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Empirical fragility assessment of buildings affected by the 2011 Great East Japan tsunami using improved statistical models


Tsunamis are destructive natural phenomena which cause extensive damage to the built environment, affecting the livelihoods and economy of the impacted nations. This has been demonstrated by the tragic events of the Indian Ocean tsunami in 2004, or the Great East Japan tsunami in 2011. Following such events, a few studies have attempted to assess the fragility of the existing building inventory by constructing empirical stochastic functions, which relate the damage to a measure of tsunami intensity. However, these studies typically fit a linear statistical model to the available damage data, which are aggregated in bins of similar levels of tsunami intensity. This procedure, however, cannot deal well with aggregated data, low and high damage probabilities, nor does it result in the most realistic representation of the tsunami-induced damage. Deviating from this trend, the present study adopts the more realistic generalised linear models which address the aforementioned disadvantages. The proposed models are fitted to the damage database, containing 178,448 buildings surveyed in the aftermath of the 2011 Japanese tsunami, provided by the Ministry of Land, Infrastructure Transport and Tourism in Japan. In line with the results obtained in previous studies, the fragility curves show that wooden buildings (the dominant construction type in Japan) are the least resistant against tsunami loading. The diagnostics show that taking into account both the building’s construction type and the tsunami flow depth is crucial to the quality of the damage estimation and that these two variables do not act independently. In addition, the diagnostics reveal that tsunami flow depth estimates low levels of damage reasonably well; however, it is not the most representative measure of intensity of the tsunami for high damage states (especially structural damage). Further research using disaggregated damage data and additional explanatory variables is required in order to obtain reliable model estimations of building damage probability.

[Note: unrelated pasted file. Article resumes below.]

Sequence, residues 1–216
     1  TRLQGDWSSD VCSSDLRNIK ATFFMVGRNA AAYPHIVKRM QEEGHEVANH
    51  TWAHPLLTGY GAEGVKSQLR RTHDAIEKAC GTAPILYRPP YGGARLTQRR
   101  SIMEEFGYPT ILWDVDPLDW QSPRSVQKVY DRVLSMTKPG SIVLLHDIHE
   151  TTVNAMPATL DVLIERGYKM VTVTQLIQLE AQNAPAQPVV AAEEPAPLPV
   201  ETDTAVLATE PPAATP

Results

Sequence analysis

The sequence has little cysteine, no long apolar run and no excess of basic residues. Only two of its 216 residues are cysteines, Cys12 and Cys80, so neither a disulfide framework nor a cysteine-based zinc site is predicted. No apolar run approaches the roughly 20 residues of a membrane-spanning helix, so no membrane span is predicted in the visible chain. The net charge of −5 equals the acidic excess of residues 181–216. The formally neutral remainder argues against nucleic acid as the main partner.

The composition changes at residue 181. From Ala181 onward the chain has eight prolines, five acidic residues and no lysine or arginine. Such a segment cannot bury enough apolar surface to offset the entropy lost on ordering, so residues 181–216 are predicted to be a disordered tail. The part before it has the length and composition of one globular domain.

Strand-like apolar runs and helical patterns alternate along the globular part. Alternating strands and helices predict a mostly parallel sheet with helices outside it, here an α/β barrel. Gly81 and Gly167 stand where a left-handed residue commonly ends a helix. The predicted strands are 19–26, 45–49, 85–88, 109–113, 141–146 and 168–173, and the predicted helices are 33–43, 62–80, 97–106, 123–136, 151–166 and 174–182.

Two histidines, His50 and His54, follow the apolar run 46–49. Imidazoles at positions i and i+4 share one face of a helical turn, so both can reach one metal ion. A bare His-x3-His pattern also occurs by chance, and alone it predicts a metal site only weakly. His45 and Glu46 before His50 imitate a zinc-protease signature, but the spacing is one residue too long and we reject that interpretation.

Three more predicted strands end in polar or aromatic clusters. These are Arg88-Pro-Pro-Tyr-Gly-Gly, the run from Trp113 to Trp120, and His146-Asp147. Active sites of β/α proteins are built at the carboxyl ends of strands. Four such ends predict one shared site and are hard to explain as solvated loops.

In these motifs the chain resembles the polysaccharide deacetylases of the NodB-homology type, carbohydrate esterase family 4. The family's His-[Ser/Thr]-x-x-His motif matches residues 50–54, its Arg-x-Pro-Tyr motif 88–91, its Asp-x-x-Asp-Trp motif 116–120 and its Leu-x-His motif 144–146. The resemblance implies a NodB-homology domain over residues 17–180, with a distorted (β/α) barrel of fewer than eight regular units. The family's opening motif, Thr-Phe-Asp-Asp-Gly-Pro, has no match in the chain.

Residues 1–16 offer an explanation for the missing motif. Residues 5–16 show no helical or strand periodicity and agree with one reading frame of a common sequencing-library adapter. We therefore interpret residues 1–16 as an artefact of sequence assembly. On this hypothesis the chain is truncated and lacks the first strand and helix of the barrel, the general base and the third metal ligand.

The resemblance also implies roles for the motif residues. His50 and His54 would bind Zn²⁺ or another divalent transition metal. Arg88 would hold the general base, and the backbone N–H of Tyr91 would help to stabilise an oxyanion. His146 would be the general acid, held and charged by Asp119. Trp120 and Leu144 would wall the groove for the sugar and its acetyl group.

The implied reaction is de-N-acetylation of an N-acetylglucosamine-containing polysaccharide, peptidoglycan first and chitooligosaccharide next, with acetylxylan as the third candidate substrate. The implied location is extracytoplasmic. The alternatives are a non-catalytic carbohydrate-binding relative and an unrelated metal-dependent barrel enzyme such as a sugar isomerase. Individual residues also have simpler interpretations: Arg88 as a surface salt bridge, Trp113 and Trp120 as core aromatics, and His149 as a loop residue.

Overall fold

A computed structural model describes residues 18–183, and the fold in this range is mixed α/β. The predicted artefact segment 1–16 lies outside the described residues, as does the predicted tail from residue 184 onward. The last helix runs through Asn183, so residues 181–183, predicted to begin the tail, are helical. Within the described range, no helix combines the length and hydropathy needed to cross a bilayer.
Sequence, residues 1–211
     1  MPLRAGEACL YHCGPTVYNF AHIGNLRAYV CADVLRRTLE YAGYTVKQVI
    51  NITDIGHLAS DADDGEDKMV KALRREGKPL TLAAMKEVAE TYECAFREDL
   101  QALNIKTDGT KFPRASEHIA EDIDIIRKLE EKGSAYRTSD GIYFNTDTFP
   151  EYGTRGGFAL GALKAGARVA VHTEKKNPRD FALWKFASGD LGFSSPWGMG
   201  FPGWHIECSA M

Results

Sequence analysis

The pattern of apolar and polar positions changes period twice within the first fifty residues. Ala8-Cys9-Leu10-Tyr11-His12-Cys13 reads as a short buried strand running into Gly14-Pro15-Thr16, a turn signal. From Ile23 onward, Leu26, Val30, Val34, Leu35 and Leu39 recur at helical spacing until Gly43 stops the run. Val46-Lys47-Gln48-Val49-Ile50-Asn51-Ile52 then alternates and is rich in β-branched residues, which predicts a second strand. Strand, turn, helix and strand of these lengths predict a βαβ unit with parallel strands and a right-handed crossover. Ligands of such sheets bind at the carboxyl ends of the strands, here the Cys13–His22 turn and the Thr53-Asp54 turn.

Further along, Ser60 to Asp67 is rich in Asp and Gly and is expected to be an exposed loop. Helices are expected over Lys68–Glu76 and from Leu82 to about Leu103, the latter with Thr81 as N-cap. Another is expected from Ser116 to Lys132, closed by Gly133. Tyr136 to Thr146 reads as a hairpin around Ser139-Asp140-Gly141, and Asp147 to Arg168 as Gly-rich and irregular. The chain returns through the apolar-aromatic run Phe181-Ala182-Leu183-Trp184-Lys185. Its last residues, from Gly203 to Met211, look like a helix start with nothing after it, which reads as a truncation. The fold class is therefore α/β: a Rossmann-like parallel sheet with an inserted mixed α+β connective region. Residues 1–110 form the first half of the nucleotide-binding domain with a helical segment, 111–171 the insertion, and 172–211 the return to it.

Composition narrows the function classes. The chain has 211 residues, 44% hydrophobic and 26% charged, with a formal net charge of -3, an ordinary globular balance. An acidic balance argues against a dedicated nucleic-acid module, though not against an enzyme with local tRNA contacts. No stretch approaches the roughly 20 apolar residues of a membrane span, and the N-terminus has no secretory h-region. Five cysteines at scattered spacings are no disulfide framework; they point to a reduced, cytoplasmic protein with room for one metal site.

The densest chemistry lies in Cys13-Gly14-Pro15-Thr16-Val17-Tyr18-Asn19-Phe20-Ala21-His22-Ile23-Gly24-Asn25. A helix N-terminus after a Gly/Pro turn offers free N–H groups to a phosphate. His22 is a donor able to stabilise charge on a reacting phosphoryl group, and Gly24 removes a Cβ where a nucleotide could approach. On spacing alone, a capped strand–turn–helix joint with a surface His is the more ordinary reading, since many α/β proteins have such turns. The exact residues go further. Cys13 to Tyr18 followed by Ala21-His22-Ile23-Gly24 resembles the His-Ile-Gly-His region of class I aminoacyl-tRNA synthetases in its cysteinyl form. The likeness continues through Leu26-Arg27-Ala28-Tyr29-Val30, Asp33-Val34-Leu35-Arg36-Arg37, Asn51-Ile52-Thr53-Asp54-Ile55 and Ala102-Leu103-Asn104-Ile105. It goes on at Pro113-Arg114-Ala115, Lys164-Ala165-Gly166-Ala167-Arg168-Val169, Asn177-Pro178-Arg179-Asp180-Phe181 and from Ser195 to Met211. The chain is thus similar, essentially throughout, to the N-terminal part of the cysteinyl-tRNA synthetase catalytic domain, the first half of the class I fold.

The fragility of buildings affected by tsunamis is commonly expressed in terms of a stochastic relationship between the level of damage caused by the tsunami and a measure of its intensity. When empirical in nature, this relationship is expressed in terms of a parametric statistical model which is fitted to available post-tsunami damage survey (e.g. Peiris 2006) or satellite data (e.g. Koshimura et al. 2009). A statistical model consists of a random and a systematic component. The random component expresses the probability distribution of the response variable (e.g. the counts of buildings reaching or exceeding a damage state) given the explanatory variable (i.e. the measured tsunami flow depth). Flow depth alone is used as the explanatory variable by most existing fragility studies (e.g. Dias et al. 2009; Leone et al. 2011; Mas et al. 2012; Suppasri et al. 2012), as it drives the main tsunami forces acting on solid bodies (hydrostatic and hydrodynamic) and can be easily determined through field surveys—for example, by measuring inundation marks on the affected buildings. The systematic component of the statistical model expresses the mean response as a function of the explanatory variable. The systematic component typically represents the probability that a damage state is reached or exceeded given the tsunami intensity, and is called the fragility curve. Fragility curves are key components in seismic and tsunami loss estimation and have been constructed following the 2004 tsunami in Indonesia (Koshimura et al. 2009), in Sri Lanka (Peiris 2006; Murao and Nakazato 2010) and Thailand (Suppasri et al. 2011), as well as after the 2011 Great East Japan tsunami (Suppasri et al. 2012, 2013a, b).